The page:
It probably wouldn’t take much to convince you that Seattle has a very rich history. Look around and you’ll see lots of historical artifacts and buildings, but do you really know how old they are? Do you have any idea what makes them so special? Here are five stories about some of Seattle’s most famous things.
The Oldest Building

When you think of which building in Seattle has been standing there the longest, you might be surprised to learn that it isn’t a church or an ornate office building. It’s simply a house. A house that is still in amazing condition. While nobody can really confirm which structure in Seattle is the oldest still standing, many believe that honor goes to the Ward House located at 520 E. Denny Way on Capitol Hill. It was built in 1882 during the first “big boom” for new city, but it wasn’t built where it stands now. Originally, the Ward House was built on Boren Ave. in between the streets of Union and Pike. Due to the building of the Washington State Convention and Trade Center, it was moved and then restored, which explains how this Victorian house still looks so good for its age.

The Oldest Bar

Partners Jamieson and McFarland first open the doors of the J & M in 1892 in Pioneer Square. Two years later, the pair moved two doors down at 201 First Ave. S. where it still operates today. From 1906 to 1916, it was known as the J & M Saloon and was known for its gambling and dancing during the Gold Rush. By 1921, the saloon switched to “soft drinks” and meals and became known as the J & M Cafe. It even served as a backdrop the 1974 John Wayne movie “McQ.” Today, the cafe/bar is open seven days a week and looks fantastic given its facelift awhile back. The J & M has seen a lot over the years and yet still remains one of Seattle’s most popular bars.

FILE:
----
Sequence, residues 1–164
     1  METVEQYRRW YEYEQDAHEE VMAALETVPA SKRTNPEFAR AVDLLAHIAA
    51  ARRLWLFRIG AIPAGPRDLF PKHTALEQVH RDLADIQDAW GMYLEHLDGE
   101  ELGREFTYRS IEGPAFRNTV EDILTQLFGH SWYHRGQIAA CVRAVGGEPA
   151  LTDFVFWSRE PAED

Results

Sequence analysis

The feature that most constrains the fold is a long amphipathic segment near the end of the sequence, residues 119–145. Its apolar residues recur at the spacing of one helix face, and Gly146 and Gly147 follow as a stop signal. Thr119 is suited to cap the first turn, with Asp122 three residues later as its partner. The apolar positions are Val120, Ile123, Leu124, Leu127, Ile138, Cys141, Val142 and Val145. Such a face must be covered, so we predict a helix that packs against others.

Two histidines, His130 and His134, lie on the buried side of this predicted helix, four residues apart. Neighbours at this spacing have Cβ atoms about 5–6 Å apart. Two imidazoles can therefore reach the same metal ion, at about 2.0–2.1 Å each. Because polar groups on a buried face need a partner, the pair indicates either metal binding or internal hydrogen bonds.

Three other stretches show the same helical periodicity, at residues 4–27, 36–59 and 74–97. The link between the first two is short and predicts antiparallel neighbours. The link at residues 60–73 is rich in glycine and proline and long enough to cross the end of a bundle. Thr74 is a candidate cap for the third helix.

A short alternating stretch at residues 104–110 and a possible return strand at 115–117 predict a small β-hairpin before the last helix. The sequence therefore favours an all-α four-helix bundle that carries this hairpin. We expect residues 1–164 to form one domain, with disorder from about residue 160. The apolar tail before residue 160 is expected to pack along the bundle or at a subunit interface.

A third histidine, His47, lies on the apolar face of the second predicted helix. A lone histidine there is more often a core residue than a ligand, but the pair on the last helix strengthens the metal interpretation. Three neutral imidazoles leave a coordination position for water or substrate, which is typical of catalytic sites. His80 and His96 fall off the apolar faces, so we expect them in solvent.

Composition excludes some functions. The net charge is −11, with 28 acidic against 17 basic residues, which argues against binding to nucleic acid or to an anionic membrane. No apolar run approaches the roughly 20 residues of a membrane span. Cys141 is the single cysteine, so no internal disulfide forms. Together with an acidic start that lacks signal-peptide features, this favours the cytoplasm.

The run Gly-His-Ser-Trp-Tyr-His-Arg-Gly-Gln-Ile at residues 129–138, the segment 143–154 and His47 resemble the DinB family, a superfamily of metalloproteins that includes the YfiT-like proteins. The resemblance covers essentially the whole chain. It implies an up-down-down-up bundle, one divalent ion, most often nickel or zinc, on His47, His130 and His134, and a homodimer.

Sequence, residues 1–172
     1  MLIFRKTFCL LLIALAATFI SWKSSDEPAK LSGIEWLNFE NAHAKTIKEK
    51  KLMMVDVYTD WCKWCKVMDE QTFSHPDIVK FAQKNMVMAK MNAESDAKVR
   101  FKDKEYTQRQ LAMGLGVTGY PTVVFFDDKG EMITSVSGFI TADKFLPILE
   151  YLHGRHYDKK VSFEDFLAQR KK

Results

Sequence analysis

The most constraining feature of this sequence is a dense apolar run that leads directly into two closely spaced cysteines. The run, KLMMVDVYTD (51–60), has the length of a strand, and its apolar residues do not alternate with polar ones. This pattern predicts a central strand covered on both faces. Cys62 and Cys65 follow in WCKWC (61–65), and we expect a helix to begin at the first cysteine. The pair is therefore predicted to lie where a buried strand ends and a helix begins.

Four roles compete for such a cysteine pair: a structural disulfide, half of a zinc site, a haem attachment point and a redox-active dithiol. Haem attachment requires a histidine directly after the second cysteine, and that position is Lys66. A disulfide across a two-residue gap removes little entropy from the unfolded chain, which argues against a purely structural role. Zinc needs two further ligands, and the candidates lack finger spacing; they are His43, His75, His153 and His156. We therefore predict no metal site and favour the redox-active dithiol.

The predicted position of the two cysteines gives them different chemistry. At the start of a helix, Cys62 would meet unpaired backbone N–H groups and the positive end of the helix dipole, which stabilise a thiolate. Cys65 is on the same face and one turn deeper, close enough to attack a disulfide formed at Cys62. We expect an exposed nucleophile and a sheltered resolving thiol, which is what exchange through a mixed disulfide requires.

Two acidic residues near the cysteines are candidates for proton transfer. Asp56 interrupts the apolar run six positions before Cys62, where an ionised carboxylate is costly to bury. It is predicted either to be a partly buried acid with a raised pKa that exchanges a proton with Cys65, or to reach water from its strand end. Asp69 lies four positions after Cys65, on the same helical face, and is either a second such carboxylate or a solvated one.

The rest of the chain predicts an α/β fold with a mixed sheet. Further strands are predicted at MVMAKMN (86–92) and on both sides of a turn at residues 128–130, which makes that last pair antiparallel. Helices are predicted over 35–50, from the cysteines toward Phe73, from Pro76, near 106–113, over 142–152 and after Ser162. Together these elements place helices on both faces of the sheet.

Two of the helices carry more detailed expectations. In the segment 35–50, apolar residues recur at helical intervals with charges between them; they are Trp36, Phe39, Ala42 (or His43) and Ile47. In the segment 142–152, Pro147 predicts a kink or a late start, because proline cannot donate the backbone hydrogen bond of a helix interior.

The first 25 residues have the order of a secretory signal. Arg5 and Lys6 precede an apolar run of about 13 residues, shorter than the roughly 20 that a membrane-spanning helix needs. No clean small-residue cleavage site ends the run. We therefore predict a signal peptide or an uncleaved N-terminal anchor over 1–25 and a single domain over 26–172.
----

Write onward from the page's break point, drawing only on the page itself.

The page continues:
The Oldest Candy Companies

Some will be surprised to learn that Mars, Inc. got its start in Tacoma, Washington. Franklin Clarence Mars, (who learned how to hand-dip candy from his mother), and his wife Ethel started their business in 1911. Unfortunately, the first version of the Mars company failed, and they moved back home to Minnesota. However, in 1914, Harry L. Brown and J. C. Harry, who met in church, created what is now known as the Brown & Haley Candy Factory in 1914. The factory created the original Mountain Bar and later the famous Almond Roca.

Related: Seattle History Lover’s Guide To The Arctic Building

Oldest Fair Food

In 1911, Fisher Flour Mills became known as the largest flour mill in the western U.S. As a promotion to sell more flour, Fisher came up with the idea of selling Fisher Scones at some of the larger fairs in the country. He started with the Panama Pacific Exposition in San Francisco and then the Puyallup Fairgrounds, where the scones are still made and sold in the very same space over 100 years ago. They are still just as, if not more popular, today.

Oldest Church

Seattle was just two years old when the Rev. David Edwards Blaine and his new wife Catharine founded The First United Methodist Church. In 1853, the very first church meeting was held in a log cabin. The first “house of worship” was built on the southeast corner of Second and Columbia. As the congregation grew, so did the building. Eventually, First United moved to a much larger building on Fifth and Marion in downtown Seattle. In 2007, the congregation, not needing such a big building anymore, sold it and started a new church on corner of Second Ave. N. and Denny Way where its congregation still meet today.

Related: Historic Walking Tour Of Seattle

Jeffrey Totey is a freelance writer living in Seattle. He has a love for the arts and is a student of pop culture. He covers stories about the performing arts, theater, museums, cultural events, movies and more in the greater Seattle area. His work can be found at